On April 23, 1994, petitioners sailed the yacht to Michigan City. During 1994, the yacht was chartered 45 days, and petitioners received gross receipts of $5,152. Petitioners occasionally used the yacht for personal enjoyment. On October 22, 1994, petitioners removed the yacht from the water and placed it in storage for the winter. During 1994, petitioners worked on the yacht for a total of 194 hours, but only 89 hours of such work was performed while the yacht was docked at Michigan City. Petitioners spent most of this time performing routine inspections and maintenance of the yacht. From 1993 through 1996 petitioners did not make a profit from their chartering activity. On their returns, petitioners claimed net losses of $21,858 for 1993 and $35,830 for 1994 relating to their chartering activity. Respondent disallowed the claimed deductions because petitioners were not engaged in the activity for profit and did not materially participate in the activity.

OPINION

Even if petitioners carried on their chartering activity for profit, their deductions for this activity shall not be allowed because they did not materially participate in such activity. Section 469 disallows the deduction of net losses from any activity in which the taxpayer does not materially participate. Sec. 469(c). An individual materially participates in an activity when involved in the operations of the activity on a regular, continuous, and substantial basis. Sec. 469(h)(1). Temporary regulations provide, in relevant part, that an individual shall be treated as materially participating if the individual meets any of the following tests:

(2) The individual's participation in the activity for the taxable year constitutes substantially all of the participation in such activity of all individuals (including individuals who are not owners of interests in the activity) for such year;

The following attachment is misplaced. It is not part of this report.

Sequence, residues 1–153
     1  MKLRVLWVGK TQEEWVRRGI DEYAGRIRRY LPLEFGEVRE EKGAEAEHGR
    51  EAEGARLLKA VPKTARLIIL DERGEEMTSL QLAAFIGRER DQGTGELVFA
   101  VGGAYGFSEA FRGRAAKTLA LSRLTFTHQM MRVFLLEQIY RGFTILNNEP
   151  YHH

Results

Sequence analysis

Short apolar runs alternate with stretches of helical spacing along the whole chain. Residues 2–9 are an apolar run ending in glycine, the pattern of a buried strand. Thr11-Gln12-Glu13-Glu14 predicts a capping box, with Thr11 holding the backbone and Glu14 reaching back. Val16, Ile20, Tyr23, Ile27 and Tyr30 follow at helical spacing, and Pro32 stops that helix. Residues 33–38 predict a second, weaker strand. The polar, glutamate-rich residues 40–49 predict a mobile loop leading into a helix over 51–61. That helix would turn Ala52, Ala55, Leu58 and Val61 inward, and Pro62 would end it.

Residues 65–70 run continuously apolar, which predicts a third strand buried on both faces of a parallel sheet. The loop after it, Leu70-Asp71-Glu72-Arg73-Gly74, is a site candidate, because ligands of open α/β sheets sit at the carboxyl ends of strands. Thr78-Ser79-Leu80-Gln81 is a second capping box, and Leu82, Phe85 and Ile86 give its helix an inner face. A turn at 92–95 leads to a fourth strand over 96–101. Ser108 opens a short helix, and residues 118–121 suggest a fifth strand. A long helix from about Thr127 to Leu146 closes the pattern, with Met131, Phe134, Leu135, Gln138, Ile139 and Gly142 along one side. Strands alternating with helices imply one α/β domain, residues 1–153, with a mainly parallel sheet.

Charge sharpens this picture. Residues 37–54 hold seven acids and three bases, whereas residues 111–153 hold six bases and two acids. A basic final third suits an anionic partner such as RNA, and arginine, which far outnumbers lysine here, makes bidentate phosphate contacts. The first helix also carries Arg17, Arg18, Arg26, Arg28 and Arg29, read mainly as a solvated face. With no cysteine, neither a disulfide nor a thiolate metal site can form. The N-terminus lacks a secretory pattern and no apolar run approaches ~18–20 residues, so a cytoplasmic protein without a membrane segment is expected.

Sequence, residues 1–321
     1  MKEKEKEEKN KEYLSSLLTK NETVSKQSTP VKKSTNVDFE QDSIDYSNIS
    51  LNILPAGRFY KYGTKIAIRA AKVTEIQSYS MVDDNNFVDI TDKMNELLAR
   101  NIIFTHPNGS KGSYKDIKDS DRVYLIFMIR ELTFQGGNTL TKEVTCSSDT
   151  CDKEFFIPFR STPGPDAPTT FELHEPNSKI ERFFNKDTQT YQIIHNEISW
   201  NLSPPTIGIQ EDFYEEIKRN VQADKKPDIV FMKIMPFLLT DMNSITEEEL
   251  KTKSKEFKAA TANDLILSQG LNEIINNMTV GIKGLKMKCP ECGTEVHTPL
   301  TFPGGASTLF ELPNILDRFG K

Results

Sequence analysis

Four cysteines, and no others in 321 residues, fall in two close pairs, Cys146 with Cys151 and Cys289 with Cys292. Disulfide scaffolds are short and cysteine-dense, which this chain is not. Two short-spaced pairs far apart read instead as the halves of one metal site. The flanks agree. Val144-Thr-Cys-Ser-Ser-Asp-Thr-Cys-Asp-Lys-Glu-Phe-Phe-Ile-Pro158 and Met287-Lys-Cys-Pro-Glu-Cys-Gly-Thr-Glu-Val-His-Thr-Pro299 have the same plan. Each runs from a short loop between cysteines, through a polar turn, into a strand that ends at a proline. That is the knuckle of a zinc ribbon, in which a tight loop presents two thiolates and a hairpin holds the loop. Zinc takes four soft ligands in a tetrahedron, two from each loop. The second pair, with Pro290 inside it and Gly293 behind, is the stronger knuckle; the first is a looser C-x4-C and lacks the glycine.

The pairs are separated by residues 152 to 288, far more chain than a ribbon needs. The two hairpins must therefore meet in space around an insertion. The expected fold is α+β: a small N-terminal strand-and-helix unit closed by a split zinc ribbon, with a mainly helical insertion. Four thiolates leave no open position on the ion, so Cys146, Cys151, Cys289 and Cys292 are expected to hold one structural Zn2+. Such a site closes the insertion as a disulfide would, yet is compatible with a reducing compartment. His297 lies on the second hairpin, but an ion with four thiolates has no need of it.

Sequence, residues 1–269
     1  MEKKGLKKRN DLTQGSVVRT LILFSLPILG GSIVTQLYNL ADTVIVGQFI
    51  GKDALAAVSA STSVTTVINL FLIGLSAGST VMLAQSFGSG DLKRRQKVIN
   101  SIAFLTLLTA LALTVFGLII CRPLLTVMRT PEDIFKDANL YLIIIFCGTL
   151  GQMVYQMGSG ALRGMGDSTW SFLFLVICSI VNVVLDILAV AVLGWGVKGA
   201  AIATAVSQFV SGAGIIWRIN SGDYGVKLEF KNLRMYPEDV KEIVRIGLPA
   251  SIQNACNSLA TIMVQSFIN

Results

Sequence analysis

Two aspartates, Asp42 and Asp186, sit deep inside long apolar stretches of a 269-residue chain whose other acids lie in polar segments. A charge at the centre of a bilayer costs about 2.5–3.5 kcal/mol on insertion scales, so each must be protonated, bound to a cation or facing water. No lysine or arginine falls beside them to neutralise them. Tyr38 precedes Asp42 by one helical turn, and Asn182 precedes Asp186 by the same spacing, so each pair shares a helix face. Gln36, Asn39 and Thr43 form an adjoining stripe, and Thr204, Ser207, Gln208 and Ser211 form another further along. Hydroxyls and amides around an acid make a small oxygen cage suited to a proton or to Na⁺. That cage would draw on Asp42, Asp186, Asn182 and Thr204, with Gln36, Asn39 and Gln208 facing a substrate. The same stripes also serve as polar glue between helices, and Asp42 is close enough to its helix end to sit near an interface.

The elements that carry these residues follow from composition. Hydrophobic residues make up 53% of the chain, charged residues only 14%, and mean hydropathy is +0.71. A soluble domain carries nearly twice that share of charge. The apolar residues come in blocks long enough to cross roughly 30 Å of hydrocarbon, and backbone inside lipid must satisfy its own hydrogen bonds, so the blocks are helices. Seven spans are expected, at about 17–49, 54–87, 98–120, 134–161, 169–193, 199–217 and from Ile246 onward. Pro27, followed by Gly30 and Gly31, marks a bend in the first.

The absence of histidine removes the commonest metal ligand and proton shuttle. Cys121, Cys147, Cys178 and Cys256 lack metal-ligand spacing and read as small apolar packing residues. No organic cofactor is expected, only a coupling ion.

(3) The individual participates in the activity for more than 100 hours during the taxable year, and such individual's participation in the activity * * * is not less than the participation * * * of any other individual (including individuals who are not owners of interests in the activity) for such year;

* * * * * * *

(7) Based on all of the facts and circumstances * * *, the individual participates in the activity on a regular, continuous, and substantial basis during such year. [Sec. 1.469-5T(a)(2), (3), and (7), Temporary Income Tax Regs., 53 Fed. Reg. 5725-5726 (Feb. 25, 1988)].

To meet the material participation test under paragraph (a)(7), an individual must participate in the activity for more than 100 hours. Sec. 1.469-5T(b)(2)(iii), Temporary Income Tax Regs., 53 Fed. Reg. 5726 (Feb. 25, 1988).

Petitioners have failed to establish that they materially participated in the charter activity. Petitioners entered into an agreement with the broker that gave the broker all day-to-day management responsibilities, including taking all necessary steps to charter the yacht. Petitioners failed to devote 100 hours to their activity in 1993 and while petitioners devoted 194 hours to their activity in 1994, only 84 of such hours relate to the period when the yacht was available for charters. Assuming arguendo that petitioners did devote more than 100 hours to their activity in 1994, they have not established that such participation was greater than the broker's participation. In essence, petitioners' participation was limited to routine maintenance of the yacht and was not substantial. Therefore, we conclude that petitioners did not materially participate in their chartering activity. Cf. Chapin v. Commissioner [Dec. 51,159(M)], T.C. Memo. 1996-56; Goshorn v. Commissioner [Dec. 49,453(M)], T.C. Memo. 1993-578. Accordingly, we hold that they are not entitled to the claimed deductions.

All other contentions raised by the parties are either irrelevant or without merit.

To reflect the foregoing,

Decision will be entered for respondent.